Cold beer is a staple in Texas. As the mercury starts its inevitable climb into sizzling summer heat, beer’s indelible association with barbecue and other grilled goodies is particularly appealing. Yet aside from its cooling properties as a beverage, beer has a venerable place in the culinary repertoire. With the wide range of excellent beers now available, both foreign and domestic, all those palate-tickling flavors can be as interesting in the cooking pot as they are in a frosted mug.
The trick to cooking with beer is pairing the flavor of the brew with the thing being cooked. Hoppy bitter ales can overwhelm. Keep in mind what you’re after: moisture, richness of flavor, or the frothy character beer adds to batters and stews.
Obviously, borracho beans needs no elaboration, but heavier beers add a depth of flavor to any bean concoction, along with chili or other stews.
The Belgians, more than any other beer-drinking country, have an entire cuisine based on their excellent low-fermentation pils-type ales (i.e. Stella Artois) and high-fermentation darker brews (abbey-style and stouts), including all manner of things stewed or braised: mussels or other shellfish simmered in ale; rabbit stewed in lambic; heavy beef and vegetable stews with dark beers; trout, monkfish, or pork braised in abbey-style ales, sometimes with cheese melted into the broth.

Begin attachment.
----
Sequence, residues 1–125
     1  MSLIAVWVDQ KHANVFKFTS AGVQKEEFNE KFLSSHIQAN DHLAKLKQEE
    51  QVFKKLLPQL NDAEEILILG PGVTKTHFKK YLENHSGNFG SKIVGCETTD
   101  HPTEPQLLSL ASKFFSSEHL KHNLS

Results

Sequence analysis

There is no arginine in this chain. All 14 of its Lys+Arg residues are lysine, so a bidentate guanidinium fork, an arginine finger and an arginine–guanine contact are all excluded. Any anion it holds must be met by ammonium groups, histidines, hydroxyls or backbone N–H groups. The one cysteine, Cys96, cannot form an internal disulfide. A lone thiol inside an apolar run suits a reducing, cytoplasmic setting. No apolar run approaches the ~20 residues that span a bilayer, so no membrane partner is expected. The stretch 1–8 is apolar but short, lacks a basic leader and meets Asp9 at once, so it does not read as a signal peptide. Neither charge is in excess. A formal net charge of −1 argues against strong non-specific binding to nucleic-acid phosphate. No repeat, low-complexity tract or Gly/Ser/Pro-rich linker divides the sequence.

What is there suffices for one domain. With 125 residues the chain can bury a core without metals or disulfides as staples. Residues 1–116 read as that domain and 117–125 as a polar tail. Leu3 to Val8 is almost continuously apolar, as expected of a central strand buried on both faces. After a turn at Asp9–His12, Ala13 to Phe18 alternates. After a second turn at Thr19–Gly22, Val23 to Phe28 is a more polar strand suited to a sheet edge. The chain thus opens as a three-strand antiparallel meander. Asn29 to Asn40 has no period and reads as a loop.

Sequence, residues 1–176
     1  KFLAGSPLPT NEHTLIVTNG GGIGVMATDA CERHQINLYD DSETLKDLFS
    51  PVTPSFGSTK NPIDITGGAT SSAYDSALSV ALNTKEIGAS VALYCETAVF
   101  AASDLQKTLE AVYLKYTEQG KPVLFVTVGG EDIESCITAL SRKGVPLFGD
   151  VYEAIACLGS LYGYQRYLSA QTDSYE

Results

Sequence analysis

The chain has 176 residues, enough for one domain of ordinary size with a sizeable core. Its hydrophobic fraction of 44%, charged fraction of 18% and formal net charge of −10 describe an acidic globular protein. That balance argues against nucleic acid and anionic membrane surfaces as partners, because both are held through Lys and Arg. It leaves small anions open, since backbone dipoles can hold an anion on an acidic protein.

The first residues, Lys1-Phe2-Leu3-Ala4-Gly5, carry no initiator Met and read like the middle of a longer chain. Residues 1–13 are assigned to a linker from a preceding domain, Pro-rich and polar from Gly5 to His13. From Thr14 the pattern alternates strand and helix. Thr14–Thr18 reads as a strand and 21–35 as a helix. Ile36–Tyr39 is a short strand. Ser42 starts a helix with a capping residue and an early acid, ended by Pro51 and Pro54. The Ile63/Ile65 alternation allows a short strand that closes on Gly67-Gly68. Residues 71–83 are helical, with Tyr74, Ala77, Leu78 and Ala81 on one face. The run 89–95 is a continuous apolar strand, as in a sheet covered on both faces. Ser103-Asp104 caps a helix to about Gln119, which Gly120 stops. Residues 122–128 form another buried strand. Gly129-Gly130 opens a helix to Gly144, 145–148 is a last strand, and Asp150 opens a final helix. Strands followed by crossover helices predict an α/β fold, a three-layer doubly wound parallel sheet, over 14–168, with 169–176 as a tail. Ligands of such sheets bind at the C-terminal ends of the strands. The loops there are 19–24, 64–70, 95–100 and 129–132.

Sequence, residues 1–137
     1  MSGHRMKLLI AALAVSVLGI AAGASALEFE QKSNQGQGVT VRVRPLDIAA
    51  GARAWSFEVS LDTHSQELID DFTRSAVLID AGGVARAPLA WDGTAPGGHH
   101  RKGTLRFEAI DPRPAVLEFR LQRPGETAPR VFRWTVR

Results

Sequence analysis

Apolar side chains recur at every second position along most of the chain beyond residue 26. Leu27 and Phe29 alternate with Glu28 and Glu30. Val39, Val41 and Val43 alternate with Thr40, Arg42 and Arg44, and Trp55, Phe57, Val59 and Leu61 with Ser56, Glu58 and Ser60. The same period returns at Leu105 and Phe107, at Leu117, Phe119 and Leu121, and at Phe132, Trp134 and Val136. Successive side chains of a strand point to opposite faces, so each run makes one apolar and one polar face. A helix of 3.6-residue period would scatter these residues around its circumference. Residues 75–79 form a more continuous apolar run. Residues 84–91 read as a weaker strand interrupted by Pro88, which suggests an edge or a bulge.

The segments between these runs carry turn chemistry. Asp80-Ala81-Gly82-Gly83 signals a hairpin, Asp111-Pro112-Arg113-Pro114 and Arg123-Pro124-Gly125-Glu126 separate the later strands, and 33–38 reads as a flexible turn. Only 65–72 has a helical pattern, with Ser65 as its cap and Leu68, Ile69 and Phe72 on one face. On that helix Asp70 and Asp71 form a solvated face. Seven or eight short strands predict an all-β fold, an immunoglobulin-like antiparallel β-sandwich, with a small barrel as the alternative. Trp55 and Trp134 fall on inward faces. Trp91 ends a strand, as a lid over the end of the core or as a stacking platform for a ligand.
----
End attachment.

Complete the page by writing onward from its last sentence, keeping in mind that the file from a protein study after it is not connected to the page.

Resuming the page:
How can you argue with beer soup? Simmer a liter of sweet brown ale with lemon zest, half a cinnamon stick, salt, and a little dried ginger. Thicken with cornstarch paste. Mix half a liter of milk and 2 egg yolks, then whisk into the beer broth and serve with fried bread. The Germans make a similar soup, and a cold one sweetened with sugar and plump currents, thickened with soft pumpernickel breadcrumbs.
Try this beer horseradish sauce on anything grilled: lightly toast 2 Tbs. flour in butter or bacon fat, add 2 Tbs. grated horseradish, salt, pepper, and sharp mustard to taste, 1 cup bock or pilsner, and whisk in 2 egg yolks beaten with 1/2 cup water or cream.
Use beer instead of milk for a fluffy, flavorful batter on deep-fried fish, shrimp, or crawfish: that frothy head is the result of fermented yeast, used as leavening for bread up through the 18th century, as well as in ancient Egypt.
Beer-can chicken is all about moisture, with a hint of flavor: drink half a can of beer, then place the open end of a small, whole, seasoned chicken upright over the remainder, using the can as a stand on your grill or smoker.
I have a Cajun friend who swears by adding 4 cans of cheap pilsner to his 30-serving, party-sized pan of jambalaya — preferably poured simultaneously by four pretty women standing ceremonially around the pot. And, of course, the most venerable tradition: while cooking, drink beer — dark, malty, hoppy, or pale — to taste.
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